Although no sculpture has been recovered at Nemea, she accepts the presence there of the Tegea workshop based on generalities of building plans and such details of architectural sculpture as the carved sima and other moldings. Indeed, it is interesting to note that while Ridgway is ever reluctant to accept attributions of surviving works (or, more often, copies) to named masters, she more than once in this book concurs with ascriptions of diverse monuments to particular teams of workers (a moderation somewhat of Rhys Carpenter's vision of Greek sculpture "as an anonymous product of an impersonal craft" 3). This is of considerable interest methodologically and requires, perhaps, further attention. How we study Greek sculpture must necessarily differ radically depending whether we attempt to elucidate surviving material (of whatever quality) or seek to identify works and artistic personalities known only from literary sources and/or later representations. Throughout this book Ridgway does the first masterfully, but expresses serious doubts as to the feasibility of the second.
Although she denies attempting to be comprehensive, Ridgway is loathe to leave anything out, and Ch. 2 thus ends with "Additional Architectural Sculpture," odds and ends organized by type (akroteria, pediments, metopes, and friezes). This does not make for terribly coherent reading, but, as always, Ridgway's synopses of scholarship and detailed bibliographies make this assemblage, too, a valuable contribution and convenient reference point for future research into the individual pieces treated.
Ch. 3 addresses architectural sculpture in the non-Greek east, for such monuments document the expansion of Greek forms before Alexander and fill the apparent gap in east Greece in the first half of the century. Ridgway rightly emphasizes, however, that despite their superficial Greekness, the Nereid Monument at Xanthos and heroa at Trysa and Limyra combine Greek and non-Greek themes and stylistic forms in keeping with local traditions. Elements in these monuments, such as the monumental doorway of the first, may recall elements of fifth-century Athenian monuments, and the linearity of some of the reliefs may be the result of copying from pattern books (88), but stylistic details, such as "railroad tracks" and "Lykian wavelets," are often unparalleled elsewhere. Greek, and particularly Attic forms, were nonetheless borrowed, but their meanings could be quite different in new contexts where they served to glorify local dynasts whose biographies seem to merge with those of epic heroes and mythological figures.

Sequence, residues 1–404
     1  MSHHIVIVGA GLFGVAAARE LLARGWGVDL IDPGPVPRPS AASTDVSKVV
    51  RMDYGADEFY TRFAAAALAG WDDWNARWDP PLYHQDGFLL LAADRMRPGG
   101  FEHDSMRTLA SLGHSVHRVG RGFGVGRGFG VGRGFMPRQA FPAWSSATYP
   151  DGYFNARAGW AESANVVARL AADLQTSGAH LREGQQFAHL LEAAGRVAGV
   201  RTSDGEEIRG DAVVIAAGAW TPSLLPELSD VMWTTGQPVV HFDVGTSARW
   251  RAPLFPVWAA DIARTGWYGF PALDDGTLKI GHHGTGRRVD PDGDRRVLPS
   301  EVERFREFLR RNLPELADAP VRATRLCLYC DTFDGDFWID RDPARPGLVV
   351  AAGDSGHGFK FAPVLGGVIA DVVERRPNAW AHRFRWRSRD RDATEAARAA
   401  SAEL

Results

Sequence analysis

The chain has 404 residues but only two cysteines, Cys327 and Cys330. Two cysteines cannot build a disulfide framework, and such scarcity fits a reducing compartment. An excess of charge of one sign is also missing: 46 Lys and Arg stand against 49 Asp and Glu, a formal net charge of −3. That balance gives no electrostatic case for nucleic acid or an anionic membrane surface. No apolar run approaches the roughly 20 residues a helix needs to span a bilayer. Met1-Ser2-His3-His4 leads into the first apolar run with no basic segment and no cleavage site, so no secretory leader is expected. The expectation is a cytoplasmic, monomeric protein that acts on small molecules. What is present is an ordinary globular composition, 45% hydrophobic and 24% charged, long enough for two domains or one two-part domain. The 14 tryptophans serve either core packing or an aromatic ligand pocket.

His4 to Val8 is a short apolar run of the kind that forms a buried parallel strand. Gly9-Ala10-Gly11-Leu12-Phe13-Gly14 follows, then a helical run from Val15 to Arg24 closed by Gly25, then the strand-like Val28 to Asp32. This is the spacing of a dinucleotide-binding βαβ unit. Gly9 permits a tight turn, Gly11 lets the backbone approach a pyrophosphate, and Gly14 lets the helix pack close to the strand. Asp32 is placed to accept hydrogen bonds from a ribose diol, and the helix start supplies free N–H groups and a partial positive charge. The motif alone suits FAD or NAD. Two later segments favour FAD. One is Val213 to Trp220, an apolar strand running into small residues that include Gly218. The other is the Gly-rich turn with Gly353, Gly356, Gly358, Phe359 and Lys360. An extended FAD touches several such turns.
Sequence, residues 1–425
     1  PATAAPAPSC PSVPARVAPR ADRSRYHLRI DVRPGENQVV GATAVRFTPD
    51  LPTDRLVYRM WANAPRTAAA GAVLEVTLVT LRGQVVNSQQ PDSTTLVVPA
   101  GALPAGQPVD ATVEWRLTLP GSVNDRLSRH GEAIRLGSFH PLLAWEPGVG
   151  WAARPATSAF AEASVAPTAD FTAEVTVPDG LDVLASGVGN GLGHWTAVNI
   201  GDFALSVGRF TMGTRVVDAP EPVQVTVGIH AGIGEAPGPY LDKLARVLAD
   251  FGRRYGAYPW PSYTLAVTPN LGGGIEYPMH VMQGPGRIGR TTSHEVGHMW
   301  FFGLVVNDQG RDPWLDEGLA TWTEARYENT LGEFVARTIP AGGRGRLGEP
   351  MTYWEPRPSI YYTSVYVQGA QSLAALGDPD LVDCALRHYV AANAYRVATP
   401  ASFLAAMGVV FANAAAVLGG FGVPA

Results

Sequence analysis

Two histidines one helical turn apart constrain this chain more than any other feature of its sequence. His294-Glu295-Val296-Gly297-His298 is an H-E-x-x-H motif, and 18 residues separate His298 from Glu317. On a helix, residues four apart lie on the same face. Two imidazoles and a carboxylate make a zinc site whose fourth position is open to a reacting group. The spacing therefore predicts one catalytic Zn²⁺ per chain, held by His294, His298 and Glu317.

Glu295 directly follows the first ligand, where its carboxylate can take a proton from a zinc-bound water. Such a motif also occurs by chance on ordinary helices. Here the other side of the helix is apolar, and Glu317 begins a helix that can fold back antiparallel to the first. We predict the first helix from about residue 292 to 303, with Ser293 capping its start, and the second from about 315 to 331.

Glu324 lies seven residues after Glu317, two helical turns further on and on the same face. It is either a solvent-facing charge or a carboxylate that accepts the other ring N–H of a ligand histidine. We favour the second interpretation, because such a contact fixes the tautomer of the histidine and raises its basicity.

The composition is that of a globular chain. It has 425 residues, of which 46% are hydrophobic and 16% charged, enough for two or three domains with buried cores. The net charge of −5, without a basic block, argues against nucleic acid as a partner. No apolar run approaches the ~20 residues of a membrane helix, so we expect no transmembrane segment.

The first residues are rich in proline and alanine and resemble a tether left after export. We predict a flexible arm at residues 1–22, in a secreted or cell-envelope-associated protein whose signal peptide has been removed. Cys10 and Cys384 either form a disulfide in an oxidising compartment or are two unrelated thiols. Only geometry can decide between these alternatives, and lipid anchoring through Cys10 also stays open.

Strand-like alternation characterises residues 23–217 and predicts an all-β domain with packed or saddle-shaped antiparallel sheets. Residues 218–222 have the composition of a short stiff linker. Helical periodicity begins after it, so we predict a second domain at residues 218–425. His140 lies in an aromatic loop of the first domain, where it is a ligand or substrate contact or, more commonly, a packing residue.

East Greek architectural sculpture is the subject of Ch. 4, which focuses on another monument erected for a non-Greek dynast, the Maussolleion at Halikarnassos, although works at Priene, Ephesos, and elsewhere are also considered. Ridgway opens by drawing effective analogies between the ancient World Wonder and the tomb of Mao Zedong in Beijing. Both exert considerable influence on urban planning, project imperialistic allusions, and combine different architectural prototypes, but are nonetheless grounded in local, and therefore locally meaningful, traditions (111). Ridgway recounts the relevant history of the Hekatomnid dynasty and the site, ultimately following A.A. Donohue in rejecting Pliny's chronology of the monument as being based on "the traditional Roman concept of the noble wife committed to extraordinary acts of mourning in memory of her deceased spouse" (113). She then rehearses theories regarding the building's plan and the arrangement of its sculptural decoration, relying, for the most part, on the often contradictory reconstructions of Kristian Jeppeson and Geoffery Waywell, highlighting the building's similarities to Anatolian and Near Eastern prototypes, especially the Nereid Monument, but also noting workshop links to nearby Priene and Labraunda.
She tackles the Maussolleion's surviving friezes one by one, rejecting previous attempts to recognize the hands of the great sculptors reported to have worked on the building as based on faulty methodologies (121-4). She concludes, rightly in my view, that the "spectacular impression the finished monument made on the ancient viewers was undoubtedly responsible, post factum, for the fame that accrued to the four sculptors' names most identifiable by the Roman sources" and that "no initial selection on the grounds of established reputation and artistry was involved." She adds "nor was there a matter of allotment per sides," for although different hands can be discerned, the "conception appears unified and coherent" (123). Ridgway rather suggests that the availability of trained manpower and established workshops was the primary reason behind the granting of the commissions. She examines the monument's free-standing statues, whose themes of hunt, sacrifice, and battle once again recall Lykian precedents, such as the Nereid Monument, while echoing Assyrian and Persian motifs, but she also notes the pertinence of processional scenes at Athens, particularly on the Parthenon.